WIND: Colorado regulators approve a 600-megawatt wind farm that is expected to save ratepayers $443 million over 25 years by avoiding fuel costs. (Denver Business Journal)

• Researchers at the University of Maine are working on floating platforms that support wind turbines in open water, which could allow projects to be sited farther from shore. (New York Times)
• How a rural corner of North Carolina could dominate the Southeast’s market for wind energy. (Southeast Energy News)

• Declining installation costs and government incentives are creating a solar boom in New York City, with the number of residential projects growing from 186 in 2011 to 5,300 this year. (New York Times)
• A task force assembled by Nevada’s governor votes to approve a recommendation to bring net metering back to the state. (PV Magazine)
• A Texas solar energy company cuts 87 jobs associated with its solar cell production line, saying it’s more cost-effective to import the cells from Asia instead. (San Antonio Business Journal)
• The cost of utility-scale solar systems dropped by 20 percent in the first quarter of 2016, with soft costs representing 34 percent of expenses, according to a new report. (Scientific American)

RENEWABLE ENERGY: The U.S. is on its way to becoming the “clean energy superpower” described by Hillary Clinton, according to a Department of Energy report. (Washington Post)

ENERGY STORAGE: A $2 million battery being installed at Chicago’s Shedd Aquarium will help cut energy consumption in half by 2020, while also enabling the aquarium to sell stored power to electricity markets. (Midwest Energy News)

CLIMATE: With the U.S. leading the world in energy-related CO2 emissions, the next president will be a key player in the global fight against climate change. (Bloomberg)

EMISSIONS: Volkswagen will pay its U.S. auto dealers up to $1.2 billion for losses caused by the company’s emissions cheating scandal, which will average about $1.85 million per dealer. (Los Angeles Times)

• A coal company owned by West Virginia’s Democratic candidate for governor agrees to pay a $900,000 civil penalty and implement compliance measures after discharging pollutants into waterways. (The Hill)
• The “visionary” head of a non-profit is taking over troubled coal mines in an effort to make the industry greener by selling carbon offset credits along with coal. (New York Times)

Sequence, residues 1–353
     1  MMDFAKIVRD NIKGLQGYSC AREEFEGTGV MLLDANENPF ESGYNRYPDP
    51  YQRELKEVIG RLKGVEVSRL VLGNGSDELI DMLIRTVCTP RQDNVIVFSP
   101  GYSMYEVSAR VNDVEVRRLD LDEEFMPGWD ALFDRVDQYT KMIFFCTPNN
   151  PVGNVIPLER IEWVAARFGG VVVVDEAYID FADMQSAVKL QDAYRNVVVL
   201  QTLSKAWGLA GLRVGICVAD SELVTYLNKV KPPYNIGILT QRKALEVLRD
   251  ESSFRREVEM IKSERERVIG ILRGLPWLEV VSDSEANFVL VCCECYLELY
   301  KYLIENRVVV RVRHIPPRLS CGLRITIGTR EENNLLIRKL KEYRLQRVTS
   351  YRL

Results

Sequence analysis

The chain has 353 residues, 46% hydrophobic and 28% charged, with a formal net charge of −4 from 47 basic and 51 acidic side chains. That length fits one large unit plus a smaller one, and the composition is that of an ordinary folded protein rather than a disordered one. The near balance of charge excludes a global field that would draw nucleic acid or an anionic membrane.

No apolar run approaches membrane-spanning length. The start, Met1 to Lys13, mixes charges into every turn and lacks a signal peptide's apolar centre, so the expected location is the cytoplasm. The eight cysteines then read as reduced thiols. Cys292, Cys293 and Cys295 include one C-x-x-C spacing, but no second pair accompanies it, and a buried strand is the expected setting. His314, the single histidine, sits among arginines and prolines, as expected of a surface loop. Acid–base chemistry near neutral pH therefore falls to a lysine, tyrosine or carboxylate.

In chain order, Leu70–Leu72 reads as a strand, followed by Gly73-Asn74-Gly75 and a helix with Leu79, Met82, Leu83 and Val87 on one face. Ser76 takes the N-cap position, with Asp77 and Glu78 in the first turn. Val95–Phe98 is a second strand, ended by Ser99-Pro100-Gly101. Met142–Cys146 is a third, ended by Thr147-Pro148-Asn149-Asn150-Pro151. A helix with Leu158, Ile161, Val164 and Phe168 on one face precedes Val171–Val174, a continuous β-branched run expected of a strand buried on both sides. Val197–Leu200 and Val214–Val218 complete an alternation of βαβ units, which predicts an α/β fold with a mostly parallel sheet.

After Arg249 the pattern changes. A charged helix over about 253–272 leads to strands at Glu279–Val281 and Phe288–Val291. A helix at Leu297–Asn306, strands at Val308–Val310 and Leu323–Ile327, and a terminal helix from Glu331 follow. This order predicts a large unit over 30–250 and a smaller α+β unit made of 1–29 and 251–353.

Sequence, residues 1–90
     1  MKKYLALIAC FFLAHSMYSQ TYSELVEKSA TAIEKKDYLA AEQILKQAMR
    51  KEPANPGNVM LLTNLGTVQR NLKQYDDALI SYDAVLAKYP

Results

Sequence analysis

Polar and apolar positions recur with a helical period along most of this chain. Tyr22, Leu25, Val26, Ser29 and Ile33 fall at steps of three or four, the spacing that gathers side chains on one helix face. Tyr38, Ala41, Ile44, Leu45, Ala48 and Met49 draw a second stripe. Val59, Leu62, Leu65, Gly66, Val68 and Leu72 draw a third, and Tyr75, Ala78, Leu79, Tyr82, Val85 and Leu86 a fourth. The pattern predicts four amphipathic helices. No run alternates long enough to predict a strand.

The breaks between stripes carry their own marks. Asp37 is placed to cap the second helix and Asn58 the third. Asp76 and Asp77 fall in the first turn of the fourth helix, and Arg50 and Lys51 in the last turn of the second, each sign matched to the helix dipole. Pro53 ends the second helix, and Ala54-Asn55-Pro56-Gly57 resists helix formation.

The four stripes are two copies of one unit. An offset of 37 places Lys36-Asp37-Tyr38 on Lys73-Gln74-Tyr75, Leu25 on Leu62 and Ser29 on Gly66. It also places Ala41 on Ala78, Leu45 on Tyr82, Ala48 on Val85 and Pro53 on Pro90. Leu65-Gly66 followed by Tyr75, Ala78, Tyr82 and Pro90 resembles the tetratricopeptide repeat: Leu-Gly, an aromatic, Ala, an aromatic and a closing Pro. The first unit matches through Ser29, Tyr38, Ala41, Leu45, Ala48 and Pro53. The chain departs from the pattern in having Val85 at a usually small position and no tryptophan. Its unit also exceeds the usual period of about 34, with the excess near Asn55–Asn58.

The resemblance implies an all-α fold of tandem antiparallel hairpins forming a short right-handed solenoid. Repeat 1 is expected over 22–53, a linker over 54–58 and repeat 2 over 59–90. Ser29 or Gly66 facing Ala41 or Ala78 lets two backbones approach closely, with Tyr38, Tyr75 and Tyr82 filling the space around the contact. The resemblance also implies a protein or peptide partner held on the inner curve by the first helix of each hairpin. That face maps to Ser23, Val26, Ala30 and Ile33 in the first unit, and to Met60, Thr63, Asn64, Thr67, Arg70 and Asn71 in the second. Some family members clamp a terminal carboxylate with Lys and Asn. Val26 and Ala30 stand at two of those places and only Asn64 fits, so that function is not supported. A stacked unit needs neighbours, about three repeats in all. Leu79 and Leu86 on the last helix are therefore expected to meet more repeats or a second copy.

• The complex leak detection systems for oil and gasoline pipelines are unreliable, with Colonial Pipeline’s system failing to detect any of the company’s eight spills over the past 20 months, according to a recent analysis. (Reuters)
• Nearly 20 members of Congress send a letter asking President Obama to withdraw federal permits for the controversial Dakota Access Pipeline, comparing it to the action he took against the Keystone Pipeline. (NBC News)
• Federal officials say they won’t evict activists that have set up camp on federal land in North Dakota to protest the four-state Dakota Access Pipeline. (Associated Press)

• BP says the new “Deepwater Horizon” film that depicts the 2010 Gulf of Mexico oil spill is “not an accurate portrayal of the events that led to the accident,” partly because it ignores multiple errors that were made by different companies. (Reuters)
• The U.S. Department of Justice and other agencies issue a subpoena to Oklahoma-based Chesapeake Energy Corp. that seeks documents, testimony and information related to the company’s oil and gas leases and purchases. (Associated Press)
• With fossil fuel extraction dominating Wyoming’s economy, there’s not much water left over for the state’s ranchers. (TakePart)

POLICY: A Washington state ballot initiative to implement the country’s first revenue-neutral carbon tax is bring criticized by environmentalists who say carbon taxes should be used to fund renewable energy and help those who are most hurt by climate change. (Wall Street Journal)

COMMENTARY: Voters are more keen on supporting clean energy policies than climate change policies. (Forbes)

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